The Mason's creed goes further than that. No man, it holds, has any right in any way to interfere with the religious belief of another. It holds that each man is absolutely sovereign as to his own belief, and that belief is a matter absolutely foreign to all who do not entertain the same belief; and that, if there were any right of persecution at all, it would in all cases be a mutual right; because one party has the same right as the other to sit as judge in his own case; and God is the only magistrate that can rightfully decide between them. To that great Judge, Masonry refers the matter; and opening wide its portals, it invites to enter there and live in peace and harmony, the Protestant, the Catholic, the Jew, the Moslem; every man who will lead a truly virtuous and moral life, love his brethren, minister to the sick and distressed, and believe in the ONE, All-Powerful, All-Wise, everywhere-Present GOD, Architect, Creator, and Preserver of all things, by whose universal law of Harmony ever rolls on this universe, the great, vast, infinite circle of successive Death and Live: to whoe INEFFABLE NAME let all true Masons pay profoundest homage!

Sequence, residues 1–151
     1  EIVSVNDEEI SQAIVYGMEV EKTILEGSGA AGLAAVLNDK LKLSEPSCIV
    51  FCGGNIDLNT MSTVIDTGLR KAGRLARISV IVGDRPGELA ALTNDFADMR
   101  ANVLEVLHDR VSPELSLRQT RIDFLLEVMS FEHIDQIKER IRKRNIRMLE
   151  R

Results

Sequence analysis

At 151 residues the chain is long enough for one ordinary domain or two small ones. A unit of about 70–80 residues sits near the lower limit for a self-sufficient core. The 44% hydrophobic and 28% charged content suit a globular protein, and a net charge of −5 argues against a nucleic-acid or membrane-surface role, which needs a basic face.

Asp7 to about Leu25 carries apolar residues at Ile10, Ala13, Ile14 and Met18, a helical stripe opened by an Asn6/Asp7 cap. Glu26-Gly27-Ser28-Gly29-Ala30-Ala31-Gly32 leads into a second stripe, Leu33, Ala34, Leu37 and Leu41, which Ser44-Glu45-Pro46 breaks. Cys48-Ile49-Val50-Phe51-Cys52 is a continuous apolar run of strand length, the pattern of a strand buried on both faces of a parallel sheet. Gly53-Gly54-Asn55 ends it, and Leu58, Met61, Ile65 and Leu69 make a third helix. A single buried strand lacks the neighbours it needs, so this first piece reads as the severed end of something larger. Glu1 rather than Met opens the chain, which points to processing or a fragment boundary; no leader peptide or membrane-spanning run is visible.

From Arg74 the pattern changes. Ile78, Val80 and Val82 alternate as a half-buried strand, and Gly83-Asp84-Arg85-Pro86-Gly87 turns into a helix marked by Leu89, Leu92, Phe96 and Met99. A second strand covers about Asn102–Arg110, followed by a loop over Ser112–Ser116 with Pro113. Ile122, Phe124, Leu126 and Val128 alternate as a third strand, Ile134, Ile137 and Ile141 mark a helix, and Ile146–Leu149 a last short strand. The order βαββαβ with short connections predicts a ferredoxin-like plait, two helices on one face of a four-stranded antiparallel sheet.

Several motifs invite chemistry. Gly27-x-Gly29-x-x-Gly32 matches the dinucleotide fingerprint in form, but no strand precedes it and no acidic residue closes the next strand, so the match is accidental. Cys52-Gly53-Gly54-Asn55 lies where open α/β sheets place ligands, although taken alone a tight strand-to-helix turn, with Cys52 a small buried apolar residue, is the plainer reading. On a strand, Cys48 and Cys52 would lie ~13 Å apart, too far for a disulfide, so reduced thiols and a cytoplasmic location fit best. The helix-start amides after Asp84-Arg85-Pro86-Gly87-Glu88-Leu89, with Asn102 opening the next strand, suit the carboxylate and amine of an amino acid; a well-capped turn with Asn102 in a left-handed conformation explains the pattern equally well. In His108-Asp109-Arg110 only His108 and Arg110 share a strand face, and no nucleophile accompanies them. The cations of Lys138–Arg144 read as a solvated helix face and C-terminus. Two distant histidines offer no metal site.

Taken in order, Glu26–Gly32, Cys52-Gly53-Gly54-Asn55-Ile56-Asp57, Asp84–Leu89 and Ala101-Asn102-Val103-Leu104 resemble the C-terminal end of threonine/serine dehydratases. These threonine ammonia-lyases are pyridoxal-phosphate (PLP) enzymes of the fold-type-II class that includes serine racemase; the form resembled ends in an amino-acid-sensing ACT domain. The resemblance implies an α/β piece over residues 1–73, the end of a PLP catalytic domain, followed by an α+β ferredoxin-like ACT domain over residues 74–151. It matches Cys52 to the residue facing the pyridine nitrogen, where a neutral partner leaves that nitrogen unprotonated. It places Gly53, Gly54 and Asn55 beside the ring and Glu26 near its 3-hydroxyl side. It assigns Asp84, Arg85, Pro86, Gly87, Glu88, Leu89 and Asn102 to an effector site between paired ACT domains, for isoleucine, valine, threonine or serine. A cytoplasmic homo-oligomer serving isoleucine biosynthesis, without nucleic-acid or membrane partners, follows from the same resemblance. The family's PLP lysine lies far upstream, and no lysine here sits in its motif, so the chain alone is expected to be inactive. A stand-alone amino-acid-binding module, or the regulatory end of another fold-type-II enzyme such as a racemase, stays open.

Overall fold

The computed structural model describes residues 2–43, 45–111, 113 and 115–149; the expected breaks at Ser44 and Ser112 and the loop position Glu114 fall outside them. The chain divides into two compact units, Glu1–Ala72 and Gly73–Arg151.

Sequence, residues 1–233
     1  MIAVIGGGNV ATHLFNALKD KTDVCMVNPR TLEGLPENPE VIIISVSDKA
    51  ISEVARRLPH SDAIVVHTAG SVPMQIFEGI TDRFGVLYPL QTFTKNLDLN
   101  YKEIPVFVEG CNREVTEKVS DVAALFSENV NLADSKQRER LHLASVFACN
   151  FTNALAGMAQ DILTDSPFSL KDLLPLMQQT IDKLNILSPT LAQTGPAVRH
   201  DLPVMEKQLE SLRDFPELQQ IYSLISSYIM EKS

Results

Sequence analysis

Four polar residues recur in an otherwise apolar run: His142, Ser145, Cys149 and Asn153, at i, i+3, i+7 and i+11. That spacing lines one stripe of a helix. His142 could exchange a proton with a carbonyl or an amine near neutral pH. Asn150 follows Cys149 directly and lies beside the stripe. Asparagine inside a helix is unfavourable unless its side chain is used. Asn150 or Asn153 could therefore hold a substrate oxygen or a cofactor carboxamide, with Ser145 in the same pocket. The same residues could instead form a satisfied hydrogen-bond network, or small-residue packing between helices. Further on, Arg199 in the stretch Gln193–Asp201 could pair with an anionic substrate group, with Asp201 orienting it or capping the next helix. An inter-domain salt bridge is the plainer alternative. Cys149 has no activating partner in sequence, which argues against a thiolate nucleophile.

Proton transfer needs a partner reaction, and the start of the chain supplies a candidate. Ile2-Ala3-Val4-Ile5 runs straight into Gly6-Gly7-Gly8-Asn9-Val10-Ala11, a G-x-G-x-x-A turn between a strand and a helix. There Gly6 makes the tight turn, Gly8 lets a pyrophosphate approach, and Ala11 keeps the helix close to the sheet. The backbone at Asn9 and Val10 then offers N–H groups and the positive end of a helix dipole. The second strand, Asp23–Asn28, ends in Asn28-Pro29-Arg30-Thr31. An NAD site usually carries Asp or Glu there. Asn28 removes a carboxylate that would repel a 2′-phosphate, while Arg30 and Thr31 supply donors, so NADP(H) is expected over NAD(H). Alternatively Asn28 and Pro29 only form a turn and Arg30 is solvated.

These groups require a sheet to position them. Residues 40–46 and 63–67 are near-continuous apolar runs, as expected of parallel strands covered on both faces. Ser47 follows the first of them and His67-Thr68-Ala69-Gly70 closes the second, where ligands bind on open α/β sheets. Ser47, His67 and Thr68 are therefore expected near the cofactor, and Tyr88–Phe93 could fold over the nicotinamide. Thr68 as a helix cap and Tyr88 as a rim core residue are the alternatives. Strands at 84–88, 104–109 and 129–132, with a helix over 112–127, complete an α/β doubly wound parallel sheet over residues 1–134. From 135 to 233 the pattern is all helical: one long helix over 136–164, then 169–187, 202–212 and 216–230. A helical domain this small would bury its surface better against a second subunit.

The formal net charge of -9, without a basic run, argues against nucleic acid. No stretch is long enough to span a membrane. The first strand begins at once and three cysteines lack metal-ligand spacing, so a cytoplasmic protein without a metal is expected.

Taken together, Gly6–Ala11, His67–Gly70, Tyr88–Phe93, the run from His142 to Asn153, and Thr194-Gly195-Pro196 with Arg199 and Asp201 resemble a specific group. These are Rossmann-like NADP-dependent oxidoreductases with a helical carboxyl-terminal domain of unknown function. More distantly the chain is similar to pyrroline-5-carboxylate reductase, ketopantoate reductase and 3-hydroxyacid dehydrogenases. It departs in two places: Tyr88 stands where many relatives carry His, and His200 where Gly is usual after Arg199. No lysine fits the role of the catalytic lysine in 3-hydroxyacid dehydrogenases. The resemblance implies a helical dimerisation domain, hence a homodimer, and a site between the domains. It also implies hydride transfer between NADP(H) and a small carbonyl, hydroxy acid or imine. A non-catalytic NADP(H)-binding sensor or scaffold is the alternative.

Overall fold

Albert Pike, Morals and Dogma
This day, December 29, 2009, is the 200th anniversary of the birth of Albert Pike. Pike is an interesting and enigmatic figure, but none can doubt his intellect or the influence his work in Morals and Dogma and in revising the ritual of the Scottish Rite has had on Masonry.
One of the magnets that draws me to Scottish Rite Masonry is that tolerance is a cornerstone of its philosophy. Tonight (Tuesday), I'll be attending a "birthday party" for Brother Pike at the Minneapolis Valley of the Scottish Rite. I expect to blog on that tomorrow!